Contraception, fertility planning and HIV-1 risk among African HIV-1 serodiscordant couples
Heffron, Renee Annette
MetadataShow full item record
Abstract <bold>Contraception, fertility planning and HIV-1 risk among African HIV-1 serodiscordant couples</bold> Renee Heffron Chair of the Supervisory Committee: Jared M. Baeten, Associate Professor Departments of Global Health, Medicine and Epidemiology The studies within this dissertation describe contraception and fertility planning and their relationship to HIV-1 risk among African HIV-1 serodiscordant couples. Specifically, this work 1) describes correlates of contraceptive use, 2) assesses the relationship between contraceptive use and HIV-1 transmission risk, and 3) explores whether new prevention strategies would be a welcomed option. Hormonal contraception lies at the interface of reproductive health and HIV-1 prevention programs. Safe and effective contraception can reduce maternal mortality and improve infant and maternal health through birth spacing. With these benefits, however, hormonal contraceptive use among women with and at-risk for HIV-1 is low and is correlated with less frequent condom use. Some epidemiological studies-including ours-have demonstrated an increased HIV-1 acquisition risk among women using hormonal contraception, further linking the family planning and HIV-1 prevention communities. At this time, the evidence is inconclusive and recommendations to modify family planning guidelines for women at high HIV-1 risk are not warranted but this question remains of great public health importance. Low rates of contraceptive use may be indicative of high fertility desires and antiretrovirals may offer HIV-1 serodiscordant couples strategies to reduce their HIV-1 transmission risk when they desire children. Not all HIV-1 infected participants in our study indicated willingness to initiate antiretrovirals for HIV-1 prevention purposes, however, and incorporating individual preferences into HIV-1 prevention counseling will remain imperative. The work detailed in this dissertation will be potentially used to guide HIV-1 prevention and family planning programs for African HIV-1 serodiscordant couples and the results have already contributed landmark findings to these fields. Much work remains to control the African HIV-1 epidemic but the promise of HIV-1 prevention programs that incorporate antiretrovirals and are integrated with reproductive health services are fueling policy makers, researchers and providers to ensure these programs are successfully implemented to achieve great impact.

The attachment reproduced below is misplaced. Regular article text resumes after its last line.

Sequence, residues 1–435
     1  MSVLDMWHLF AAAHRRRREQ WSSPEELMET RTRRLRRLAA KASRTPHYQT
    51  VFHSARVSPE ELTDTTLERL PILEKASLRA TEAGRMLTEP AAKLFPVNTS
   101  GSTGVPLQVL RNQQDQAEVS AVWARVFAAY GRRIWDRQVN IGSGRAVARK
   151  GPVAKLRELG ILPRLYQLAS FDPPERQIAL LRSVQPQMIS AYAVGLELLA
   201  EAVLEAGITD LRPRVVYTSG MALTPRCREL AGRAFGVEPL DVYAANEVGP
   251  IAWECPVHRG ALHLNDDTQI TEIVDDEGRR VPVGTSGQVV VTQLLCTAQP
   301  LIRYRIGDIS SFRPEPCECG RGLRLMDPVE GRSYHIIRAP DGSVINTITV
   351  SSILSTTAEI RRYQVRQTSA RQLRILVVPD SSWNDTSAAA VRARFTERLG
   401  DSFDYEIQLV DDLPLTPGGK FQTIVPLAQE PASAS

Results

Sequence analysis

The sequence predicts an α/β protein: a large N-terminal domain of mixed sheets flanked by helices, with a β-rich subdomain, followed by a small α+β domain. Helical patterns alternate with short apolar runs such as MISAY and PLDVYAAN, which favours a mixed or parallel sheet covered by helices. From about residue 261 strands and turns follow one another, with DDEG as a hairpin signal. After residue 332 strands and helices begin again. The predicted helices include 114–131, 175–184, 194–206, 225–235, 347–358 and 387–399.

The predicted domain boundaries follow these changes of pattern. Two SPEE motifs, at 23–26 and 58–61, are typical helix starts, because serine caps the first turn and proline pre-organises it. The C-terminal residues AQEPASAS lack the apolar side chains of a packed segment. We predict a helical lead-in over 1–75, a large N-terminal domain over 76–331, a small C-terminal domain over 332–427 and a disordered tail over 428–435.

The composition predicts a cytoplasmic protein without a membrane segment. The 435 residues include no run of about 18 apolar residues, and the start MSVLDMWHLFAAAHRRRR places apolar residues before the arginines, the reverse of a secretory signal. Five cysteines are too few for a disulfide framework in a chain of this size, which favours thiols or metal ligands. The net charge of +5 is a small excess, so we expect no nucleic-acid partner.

- Epidemiology